“The Court reviews the record in the light most favorable to the party against whom summary judgment was entered.” Kinnaman–Carson, 283 S.W.3d at 764. “ ‘The criteria on appeal for testing the propriety of summary judgment are no different from those which should be employed by the trial court to determine the propriety of sustaining the motion initially.’ ” Id. (quoting ITT Commercial Fin., 854 S.W.2d at 376). Summary judgment is an extreme and drastic remedy and we exercise great caution in affirming it because the procedure cuts off the opposing party's day in court. ITT Commercial Fin., 854 S.W.2d at 377. When the trial court grants summary judgment without specifying the basis upon which it was granted, as is the case here, this Court will uphold the decision if it was appropriate under any theory. English ex rel. Davis v. Hershewe, 312 S.W.3d 402, 404 (Mo.App. S.D.2010). As such, France's fourth and fifth points on appeal are dispositive and we need only address them.
Summary Judgment Appropriate for Hunter and Kelly
France's fourth point on appeal alleges the trial court erred in sustaining Hunter and Kelly's motion for summary judgment based on qualified immunity. We disagree.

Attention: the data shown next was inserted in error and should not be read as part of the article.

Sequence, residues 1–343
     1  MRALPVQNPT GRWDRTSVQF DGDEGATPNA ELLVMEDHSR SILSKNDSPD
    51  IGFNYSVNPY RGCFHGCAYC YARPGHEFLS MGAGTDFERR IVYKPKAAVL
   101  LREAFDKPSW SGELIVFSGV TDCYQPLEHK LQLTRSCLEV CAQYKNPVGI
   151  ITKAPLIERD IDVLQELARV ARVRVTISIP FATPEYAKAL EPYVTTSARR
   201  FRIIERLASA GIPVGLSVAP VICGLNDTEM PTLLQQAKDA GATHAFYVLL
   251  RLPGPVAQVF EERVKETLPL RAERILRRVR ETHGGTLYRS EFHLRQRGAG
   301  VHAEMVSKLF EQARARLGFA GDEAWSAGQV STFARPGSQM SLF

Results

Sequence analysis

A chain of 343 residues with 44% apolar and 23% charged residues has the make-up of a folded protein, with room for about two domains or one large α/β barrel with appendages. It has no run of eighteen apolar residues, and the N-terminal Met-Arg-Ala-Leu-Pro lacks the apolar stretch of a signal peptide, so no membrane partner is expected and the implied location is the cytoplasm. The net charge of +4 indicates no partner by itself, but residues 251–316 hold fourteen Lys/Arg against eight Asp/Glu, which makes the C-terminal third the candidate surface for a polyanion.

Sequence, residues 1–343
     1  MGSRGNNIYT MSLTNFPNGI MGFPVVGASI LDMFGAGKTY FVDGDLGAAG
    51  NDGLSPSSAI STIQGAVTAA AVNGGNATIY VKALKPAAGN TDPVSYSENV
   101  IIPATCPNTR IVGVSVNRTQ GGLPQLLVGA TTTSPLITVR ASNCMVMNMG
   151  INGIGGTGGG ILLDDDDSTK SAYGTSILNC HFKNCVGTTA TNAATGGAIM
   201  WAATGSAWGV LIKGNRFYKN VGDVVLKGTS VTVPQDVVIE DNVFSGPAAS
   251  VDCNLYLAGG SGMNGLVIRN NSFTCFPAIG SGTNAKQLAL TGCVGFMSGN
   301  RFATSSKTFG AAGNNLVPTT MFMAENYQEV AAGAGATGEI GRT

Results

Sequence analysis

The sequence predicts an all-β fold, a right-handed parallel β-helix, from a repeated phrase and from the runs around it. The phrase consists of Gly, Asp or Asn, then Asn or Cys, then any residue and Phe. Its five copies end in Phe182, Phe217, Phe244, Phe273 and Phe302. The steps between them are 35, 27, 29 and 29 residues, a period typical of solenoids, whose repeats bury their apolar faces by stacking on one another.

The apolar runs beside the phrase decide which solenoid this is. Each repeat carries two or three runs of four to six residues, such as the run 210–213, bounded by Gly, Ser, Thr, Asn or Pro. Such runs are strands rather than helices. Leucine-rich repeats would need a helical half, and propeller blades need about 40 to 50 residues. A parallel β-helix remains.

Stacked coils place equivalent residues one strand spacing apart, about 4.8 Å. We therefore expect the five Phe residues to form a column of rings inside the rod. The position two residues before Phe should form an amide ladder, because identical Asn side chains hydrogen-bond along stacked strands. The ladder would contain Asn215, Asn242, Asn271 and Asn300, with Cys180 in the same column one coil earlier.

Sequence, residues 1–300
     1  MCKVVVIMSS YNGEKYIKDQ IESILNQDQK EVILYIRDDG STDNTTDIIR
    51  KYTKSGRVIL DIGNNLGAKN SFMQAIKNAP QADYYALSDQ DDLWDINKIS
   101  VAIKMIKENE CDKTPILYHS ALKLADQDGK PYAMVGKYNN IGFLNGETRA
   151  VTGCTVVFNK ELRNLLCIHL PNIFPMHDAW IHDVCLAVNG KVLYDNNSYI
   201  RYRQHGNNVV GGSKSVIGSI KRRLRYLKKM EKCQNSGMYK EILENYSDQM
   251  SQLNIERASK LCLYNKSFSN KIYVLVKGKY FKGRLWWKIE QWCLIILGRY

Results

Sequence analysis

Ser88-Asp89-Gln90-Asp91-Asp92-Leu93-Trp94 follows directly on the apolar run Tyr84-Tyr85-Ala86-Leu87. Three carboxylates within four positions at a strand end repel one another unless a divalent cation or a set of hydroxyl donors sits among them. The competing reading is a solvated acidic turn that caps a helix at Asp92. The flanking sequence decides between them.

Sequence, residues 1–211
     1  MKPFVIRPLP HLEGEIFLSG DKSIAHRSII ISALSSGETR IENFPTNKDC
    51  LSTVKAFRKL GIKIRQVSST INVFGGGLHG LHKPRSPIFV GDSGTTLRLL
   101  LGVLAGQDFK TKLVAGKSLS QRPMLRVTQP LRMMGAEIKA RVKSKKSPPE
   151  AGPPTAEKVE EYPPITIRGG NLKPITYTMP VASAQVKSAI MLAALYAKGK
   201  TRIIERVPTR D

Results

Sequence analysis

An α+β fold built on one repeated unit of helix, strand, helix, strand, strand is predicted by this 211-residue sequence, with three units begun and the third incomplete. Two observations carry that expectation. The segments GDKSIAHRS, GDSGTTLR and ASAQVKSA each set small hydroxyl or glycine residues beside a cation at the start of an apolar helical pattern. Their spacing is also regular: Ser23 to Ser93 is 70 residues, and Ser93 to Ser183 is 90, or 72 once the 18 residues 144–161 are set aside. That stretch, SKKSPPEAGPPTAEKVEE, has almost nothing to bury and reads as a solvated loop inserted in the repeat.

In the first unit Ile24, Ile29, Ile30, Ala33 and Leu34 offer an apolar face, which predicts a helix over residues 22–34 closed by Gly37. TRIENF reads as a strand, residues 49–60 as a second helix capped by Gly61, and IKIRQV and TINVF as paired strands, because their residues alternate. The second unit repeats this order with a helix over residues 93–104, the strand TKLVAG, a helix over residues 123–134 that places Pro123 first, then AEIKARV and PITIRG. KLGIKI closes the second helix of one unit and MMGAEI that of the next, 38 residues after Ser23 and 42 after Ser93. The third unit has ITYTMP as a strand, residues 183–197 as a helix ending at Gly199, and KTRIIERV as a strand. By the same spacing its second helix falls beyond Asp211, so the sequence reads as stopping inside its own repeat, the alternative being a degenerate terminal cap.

A section 1983 claim requires that: “1) defendant deprived plaintiff of a right, privilege or immunity secured by the Constitution or laws of the United States, and 2) defendant was acting under the color of state law at the time of the conduct constituting the deprivation.” Foremost Ins. Co. v. Public Serv. Comm'n of Missouri, 985 S.W.2d 793, 796 (Mo.App. W.D.1998). However, “[q]ualified immunity gives government officials breathing room to make reasonable but mistaken judgments about open legal questions. When properly applied, it protects all but the plainly incompetent or those who knowingly violate the law.” Ashcroft v. al-Kidd, ––– U.S. ––––, 131 S.Ct. 2074, 2085, 179 L.Ed.2d 1149 (2011) (internal quotation and citation omitted). Public officials are provided qualified immunity for their official acts unless a plaintiff pleads facts showing: “(1) that the official violated a statutory or constitutional right, and (2) that the right was ‘clearly established’ at the time of the challenged conduct.” Ashcroft, 131 S.Ct. at 2080; Rustici v. Weidemeyer, 673 S.W.2d 762, 772 (Mo. banc 1984). Courts may tackle either prong of the qualified immunity analysis first. Ashcroft, 131 S.Ct. at 2080. Here, France has failed to show any disputed issues of material fact that would satisfy the second prong, and thus defeat qualified immunity.